Roadside Eye Tests May Lead to License Revocation
A tough new law inspired by the tragic death of a 16-year old girl has put fleet operators and managers on notice of the need to prevent their drivers from operating their vehicles if their vision isn’t up to par. Cassie’s Law has just been passed by the Driver and Vehicle Licensing Agency (DVLA), who worked in concert with the Association of Chief Police Officers (ACPO) following an accident caused by an 87-year old man who had failed a roadside vision test but refused to relinquish his license. The new law enables the police to administer a test and then force a driver who fails it to give up his or her license within hours.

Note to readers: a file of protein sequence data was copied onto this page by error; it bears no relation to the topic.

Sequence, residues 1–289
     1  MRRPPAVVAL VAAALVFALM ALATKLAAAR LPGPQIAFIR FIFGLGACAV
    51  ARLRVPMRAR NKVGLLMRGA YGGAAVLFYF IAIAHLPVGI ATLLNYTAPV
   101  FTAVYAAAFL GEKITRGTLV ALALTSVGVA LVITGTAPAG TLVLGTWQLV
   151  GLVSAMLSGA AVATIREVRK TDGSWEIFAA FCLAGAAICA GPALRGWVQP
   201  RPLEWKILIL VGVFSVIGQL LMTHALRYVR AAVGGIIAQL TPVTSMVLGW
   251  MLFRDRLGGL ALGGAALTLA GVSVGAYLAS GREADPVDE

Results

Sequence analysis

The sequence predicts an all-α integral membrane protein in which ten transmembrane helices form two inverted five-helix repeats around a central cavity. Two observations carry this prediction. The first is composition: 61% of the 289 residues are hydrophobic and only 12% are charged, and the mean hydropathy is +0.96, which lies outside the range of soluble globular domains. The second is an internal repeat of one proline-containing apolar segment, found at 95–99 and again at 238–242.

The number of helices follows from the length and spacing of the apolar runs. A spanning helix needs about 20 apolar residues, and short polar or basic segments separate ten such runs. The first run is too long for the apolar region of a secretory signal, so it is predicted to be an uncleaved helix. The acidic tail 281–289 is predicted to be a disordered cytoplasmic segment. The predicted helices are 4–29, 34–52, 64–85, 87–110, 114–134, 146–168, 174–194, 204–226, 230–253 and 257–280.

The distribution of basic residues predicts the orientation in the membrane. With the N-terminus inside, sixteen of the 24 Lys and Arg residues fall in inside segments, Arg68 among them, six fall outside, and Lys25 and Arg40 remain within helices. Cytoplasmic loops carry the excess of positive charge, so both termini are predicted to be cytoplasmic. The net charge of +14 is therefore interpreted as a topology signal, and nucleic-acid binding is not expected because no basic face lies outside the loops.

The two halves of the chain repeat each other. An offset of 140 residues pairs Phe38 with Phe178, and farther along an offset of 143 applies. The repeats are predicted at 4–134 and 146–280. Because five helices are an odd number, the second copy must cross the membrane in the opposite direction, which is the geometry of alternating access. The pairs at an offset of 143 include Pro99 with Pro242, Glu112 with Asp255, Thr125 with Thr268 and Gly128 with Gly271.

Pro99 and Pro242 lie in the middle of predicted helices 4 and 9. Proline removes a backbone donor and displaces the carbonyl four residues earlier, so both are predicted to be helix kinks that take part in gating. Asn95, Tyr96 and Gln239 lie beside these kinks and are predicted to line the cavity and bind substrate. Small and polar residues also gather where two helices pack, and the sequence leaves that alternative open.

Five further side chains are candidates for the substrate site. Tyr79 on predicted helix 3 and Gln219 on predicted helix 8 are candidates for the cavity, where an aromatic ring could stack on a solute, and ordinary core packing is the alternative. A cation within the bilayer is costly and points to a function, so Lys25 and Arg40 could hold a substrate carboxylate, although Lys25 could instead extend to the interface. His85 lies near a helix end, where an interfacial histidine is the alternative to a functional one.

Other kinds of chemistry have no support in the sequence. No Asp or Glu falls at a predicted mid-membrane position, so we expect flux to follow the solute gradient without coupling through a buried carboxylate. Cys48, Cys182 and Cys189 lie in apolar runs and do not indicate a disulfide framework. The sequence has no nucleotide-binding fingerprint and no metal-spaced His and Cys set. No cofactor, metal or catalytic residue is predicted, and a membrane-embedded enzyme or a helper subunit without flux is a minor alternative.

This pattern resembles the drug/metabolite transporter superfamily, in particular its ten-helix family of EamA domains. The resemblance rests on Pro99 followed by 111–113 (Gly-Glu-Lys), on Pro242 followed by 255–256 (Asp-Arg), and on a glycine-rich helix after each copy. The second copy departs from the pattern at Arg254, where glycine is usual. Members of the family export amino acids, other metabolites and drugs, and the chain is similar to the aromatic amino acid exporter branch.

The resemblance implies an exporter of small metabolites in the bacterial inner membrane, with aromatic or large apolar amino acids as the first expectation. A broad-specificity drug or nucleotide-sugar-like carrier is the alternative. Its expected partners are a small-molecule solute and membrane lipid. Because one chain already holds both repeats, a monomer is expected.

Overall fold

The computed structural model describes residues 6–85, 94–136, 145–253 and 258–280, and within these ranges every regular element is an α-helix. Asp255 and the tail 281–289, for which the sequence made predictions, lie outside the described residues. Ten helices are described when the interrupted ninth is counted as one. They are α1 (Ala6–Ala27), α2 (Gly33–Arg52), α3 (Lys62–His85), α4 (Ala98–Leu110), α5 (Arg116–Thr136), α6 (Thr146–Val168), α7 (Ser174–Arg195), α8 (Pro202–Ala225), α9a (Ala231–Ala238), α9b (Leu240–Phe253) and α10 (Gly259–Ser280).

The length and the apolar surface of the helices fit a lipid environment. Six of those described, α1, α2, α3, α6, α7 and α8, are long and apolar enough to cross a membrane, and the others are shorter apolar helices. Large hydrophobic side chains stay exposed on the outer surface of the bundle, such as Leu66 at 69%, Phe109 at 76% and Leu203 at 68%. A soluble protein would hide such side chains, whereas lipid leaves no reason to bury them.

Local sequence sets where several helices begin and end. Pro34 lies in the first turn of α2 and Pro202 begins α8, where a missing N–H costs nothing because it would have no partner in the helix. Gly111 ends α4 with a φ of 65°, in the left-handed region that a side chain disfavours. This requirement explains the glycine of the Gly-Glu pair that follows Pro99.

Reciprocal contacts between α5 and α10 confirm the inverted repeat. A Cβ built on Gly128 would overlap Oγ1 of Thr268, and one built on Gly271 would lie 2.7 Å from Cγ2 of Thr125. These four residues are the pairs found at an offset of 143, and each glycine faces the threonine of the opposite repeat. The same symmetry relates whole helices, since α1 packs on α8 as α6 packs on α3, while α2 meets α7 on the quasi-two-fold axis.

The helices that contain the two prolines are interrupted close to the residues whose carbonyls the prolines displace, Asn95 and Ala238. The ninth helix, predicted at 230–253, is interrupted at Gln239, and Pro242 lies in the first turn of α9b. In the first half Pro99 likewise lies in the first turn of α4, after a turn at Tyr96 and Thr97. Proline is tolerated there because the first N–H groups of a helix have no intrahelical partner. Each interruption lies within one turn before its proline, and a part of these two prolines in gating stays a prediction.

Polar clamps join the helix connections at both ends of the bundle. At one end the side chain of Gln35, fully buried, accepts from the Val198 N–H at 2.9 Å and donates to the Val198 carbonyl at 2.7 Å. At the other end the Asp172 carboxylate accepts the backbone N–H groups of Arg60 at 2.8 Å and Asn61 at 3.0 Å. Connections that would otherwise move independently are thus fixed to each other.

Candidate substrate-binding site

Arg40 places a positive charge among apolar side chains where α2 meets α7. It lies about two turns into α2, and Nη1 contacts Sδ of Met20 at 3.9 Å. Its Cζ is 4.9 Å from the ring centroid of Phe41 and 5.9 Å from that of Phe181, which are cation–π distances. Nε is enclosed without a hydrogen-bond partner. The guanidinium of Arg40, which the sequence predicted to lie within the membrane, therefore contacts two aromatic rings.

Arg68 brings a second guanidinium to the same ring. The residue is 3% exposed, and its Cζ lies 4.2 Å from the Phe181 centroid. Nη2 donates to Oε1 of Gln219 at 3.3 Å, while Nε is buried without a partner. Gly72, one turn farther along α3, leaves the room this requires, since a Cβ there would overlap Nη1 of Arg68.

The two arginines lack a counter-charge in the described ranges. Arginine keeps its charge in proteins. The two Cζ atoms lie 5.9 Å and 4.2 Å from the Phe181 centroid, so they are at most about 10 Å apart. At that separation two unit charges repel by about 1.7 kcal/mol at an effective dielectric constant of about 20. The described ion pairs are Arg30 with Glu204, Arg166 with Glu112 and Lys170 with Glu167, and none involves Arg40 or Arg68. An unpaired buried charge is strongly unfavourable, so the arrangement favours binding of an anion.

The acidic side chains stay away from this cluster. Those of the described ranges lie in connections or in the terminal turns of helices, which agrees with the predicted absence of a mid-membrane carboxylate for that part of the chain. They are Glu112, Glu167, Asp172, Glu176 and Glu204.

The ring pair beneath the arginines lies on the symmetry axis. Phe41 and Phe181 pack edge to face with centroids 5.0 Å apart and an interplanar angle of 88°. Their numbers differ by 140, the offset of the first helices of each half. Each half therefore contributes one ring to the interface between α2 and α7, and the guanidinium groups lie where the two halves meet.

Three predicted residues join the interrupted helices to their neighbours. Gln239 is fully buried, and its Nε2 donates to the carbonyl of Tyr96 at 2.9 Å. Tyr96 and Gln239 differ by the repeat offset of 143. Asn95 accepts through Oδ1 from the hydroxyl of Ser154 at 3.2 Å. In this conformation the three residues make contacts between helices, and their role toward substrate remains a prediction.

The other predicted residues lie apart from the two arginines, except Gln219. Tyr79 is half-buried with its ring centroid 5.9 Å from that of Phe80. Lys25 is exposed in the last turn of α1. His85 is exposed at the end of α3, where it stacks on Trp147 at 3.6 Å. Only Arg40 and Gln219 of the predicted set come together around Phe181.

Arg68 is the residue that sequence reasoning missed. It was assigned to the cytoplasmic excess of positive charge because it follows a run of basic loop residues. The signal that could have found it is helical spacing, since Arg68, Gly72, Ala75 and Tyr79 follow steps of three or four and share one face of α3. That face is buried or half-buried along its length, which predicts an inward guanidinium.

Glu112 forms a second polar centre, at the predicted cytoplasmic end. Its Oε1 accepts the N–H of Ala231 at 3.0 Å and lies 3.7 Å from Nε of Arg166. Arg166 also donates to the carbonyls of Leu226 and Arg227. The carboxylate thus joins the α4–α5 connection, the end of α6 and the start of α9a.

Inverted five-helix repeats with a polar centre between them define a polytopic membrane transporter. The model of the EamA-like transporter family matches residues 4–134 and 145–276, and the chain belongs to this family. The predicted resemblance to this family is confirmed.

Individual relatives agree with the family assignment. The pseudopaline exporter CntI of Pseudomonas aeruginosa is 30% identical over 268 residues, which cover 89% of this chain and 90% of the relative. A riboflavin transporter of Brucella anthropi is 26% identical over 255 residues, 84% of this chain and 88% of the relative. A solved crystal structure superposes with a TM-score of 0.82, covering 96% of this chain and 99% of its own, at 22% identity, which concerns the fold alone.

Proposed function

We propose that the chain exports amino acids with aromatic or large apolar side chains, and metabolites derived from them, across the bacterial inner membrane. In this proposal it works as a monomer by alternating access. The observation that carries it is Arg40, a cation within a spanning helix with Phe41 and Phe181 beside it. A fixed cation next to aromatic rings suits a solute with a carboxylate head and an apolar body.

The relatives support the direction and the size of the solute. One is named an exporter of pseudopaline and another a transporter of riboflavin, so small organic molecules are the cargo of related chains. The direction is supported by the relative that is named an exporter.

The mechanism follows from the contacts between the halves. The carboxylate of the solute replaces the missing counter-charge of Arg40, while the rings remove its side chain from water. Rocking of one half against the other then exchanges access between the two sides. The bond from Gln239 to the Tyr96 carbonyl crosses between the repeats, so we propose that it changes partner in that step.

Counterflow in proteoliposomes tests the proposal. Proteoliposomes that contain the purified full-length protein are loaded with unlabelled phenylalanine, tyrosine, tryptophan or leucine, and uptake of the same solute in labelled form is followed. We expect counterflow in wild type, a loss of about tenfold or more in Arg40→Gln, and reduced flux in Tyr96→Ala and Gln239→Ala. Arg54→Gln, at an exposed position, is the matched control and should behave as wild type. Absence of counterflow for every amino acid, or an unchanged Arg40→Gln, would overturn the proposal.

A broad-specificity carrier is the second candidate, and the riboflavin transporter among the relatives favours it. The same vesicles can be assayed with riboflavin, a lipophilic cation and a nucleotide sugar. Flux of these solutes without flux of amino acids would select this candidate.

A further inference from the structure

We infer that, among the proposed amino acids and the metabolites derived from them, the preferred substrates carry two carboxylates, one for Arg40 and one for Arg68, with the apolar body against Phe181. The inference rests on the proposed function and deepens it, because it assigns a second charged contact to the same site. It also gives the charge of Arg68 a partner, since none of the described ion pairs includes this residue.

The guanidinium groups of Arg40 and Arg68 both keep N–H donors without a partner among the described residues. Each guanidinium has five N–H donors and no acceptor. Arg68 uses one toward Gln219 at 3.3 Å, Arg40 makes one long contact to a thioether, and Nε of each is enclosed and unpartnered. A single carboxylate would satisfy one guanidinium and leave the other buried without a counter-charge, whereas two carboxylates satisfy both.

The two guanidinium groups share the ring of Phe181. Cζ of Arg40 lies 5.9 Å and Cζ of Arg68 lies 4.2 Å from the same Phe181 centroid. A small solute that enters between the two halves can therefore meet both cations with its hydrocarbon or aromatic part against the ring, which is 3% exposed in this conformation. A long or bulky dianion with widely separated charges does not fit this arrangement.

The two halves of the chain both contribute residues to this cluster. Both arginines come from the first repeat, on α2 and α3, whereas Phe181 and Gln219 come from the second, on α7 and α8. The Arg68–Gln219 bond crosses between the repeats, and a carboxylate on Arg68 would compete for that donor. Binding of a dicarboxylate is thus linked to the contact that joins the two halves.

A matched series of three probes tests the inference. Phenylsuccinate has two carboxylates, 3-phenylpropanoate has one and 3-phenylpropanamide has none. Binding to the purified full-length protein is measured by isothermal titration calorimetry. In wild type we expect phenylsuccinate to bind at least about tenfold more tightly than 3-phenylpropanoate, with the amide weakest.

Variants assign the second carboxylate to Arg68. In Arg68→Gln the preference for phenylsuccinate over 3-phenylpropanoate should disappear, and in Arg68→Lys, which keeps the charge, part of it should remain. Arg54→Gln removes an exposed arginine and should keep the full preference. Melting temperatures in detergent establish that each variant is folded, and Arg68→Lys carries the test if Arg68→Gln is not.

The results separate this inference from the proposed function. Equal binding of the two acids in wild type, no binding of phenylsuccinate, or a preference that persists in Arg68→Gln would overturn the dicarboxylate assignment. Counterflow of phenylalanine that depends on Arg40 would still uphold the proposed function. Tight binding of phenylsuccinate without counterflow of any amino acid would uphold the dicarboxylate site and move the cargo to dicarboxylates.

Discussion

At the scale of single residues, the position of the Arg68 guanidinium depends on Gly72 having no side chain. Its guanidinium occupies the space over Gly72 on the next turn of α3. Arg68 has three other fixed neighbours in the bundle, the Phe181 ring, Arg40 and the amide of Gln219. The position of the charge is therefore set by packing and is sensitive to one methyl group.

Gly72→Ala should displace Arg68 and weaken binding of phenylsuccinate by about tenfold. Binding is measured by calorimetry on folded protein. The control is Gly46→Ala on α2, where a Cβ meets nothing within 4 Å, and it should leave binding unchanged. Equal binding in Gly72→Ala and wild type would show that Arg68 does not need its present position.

The vision proficiency test requires that drivers are able to read a license plate easily from a distance of twenty metres away, and if they are not able to pass this test then the police are able to revoke the license in a matter of hours. Previously the law enabled drivers to continue driving for days on the understanding that they would seek to improve their vision through the use of glasses, but not all drivers did so. The law has won praise as being simple common sense, and representatives from the Freight Transport Association (FTA) have indicated that their organization backs the law.
It has always been recommended that vision tests be given on a regular basis to ensure that fleet drivers have good peripheral vision and that their eyesight hasn’t deteriorated over the course of time. Under the new regulation it has become even more imperative that testing is conducted even more frequently. Fleet operators are strongly advised to administer eye tests regularly in order to ensure the safety of their drivers as well as to protect the public at large and to make certain that their vehicle operation isn’t interrupted by a license revocation.